By BRADLEY ZORGDRAGER
“Trick or treat, smell my feet; give me something good to eat.” So goes the juvenile poem that children recite on Halloween to an explosion of tiny smirks and barely concealed snickers from their disguised friends.
But this Halloween, Conestoga Students Inc. hopes that Conestoga College students take it literally and try to get something actually good and healthy for their fellow students to eat.
CSI’s Fright Night for Food campaign aims to collect food for the CSI Food Bank, which is run right out of the college for students – many whom are international students.
“It pretty much works on the premise that instead of trick or treating for lollies and candies, etc., you trick or treat for canned goods or non-perishable items,” said Trish Crompton, CSI director of external relations and mastermind behind the campaign.
Those who participate and drop their items off by the following Friday, Nov. 4 will receive a thank you gift from CSI. In addition, Crompton said the student who brings in the most food will win a “special prize to really thank them for all their efforts.”
If the fact that she used the word “lollies” didn’t tip you off to the fact that Trish is an international student, her Australian accent certainly would. As such, she faces many of the same problems as other international students, such as paying three times the tuition that Canadians pay and having zero access to OSAP.
But at least Crompton has access to food and connections in the area, as her dad lives here. Many international students in Canada are alone and hungry.
Despite the efforts of the CSI Food Bank, which is run by CSI director of community outreach, Taryn Schmidt, the demand simply exceeds the supply.
“We are seeing a huge increase in the amount of students utilizing the food bank now. I would say nine out of 10 students are international students,” said Schmidt.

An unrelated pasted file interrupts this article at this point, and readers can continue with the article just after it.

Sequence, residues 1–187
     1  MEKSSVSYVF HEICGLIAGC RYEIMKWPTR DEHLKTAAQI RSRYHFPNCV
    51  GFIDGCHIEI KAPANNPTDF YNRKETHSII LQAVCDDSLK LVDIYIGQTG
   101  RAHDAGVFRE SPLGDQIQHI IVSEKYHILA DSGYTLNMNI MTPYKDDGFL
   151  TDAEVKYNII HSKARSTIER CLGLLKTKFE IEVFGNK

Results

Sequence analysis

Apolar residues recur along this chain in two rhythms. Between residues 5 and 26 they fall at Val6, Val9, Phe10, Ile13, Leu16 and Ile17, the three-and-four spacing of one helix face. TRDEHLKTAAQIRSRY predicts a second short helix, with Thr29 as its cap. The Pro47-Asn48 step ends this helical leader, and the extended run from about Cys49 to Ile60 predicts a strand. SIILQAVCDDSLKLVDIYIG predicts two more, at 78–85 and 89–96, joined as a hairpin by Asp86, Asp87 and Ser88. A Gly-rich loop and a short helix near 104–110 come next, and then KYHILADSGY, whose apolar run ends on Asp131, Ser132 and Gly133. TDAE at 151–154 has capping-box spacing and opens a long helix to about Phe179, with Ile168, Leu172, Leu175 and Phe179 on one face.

She also noted that using the food bank isn’t a permanent solution to a problem more rooted in lack of jobs and support for international students than simply a lack of food.
“This is just a Band-Aid solution, right? This is an emergency food source. … It’s not a weekly grocery store.”
Although the campaign is similar to Free the Children’s Halloween for Hunger, Crompton wants to keep this effort local to the college.
“Honestly, it’s a huge issue and it’s something that’s starting to rear its head. I think we scratched an itch and we’re realizing that there’s more under the surface. The root problem is stuff that we can’t necessarily change ourselves, but we can definitely do what we can to make the lives of our students at Conestoga better.”
Schmidt agreed with the sentiment.
“We’re always looking for donations. Anything will help and I think it’s a great thing for us to take care of the people in our little community on campus here.”
This wouldn’t be the first time that students banded together to help the food bank.
Schmidt said recently the second-year marketing students collected $100 and some food for them through a fundraiser.
She said the protection, security and investigation program collected over 90 kilograms for the food bank earlier in the semester.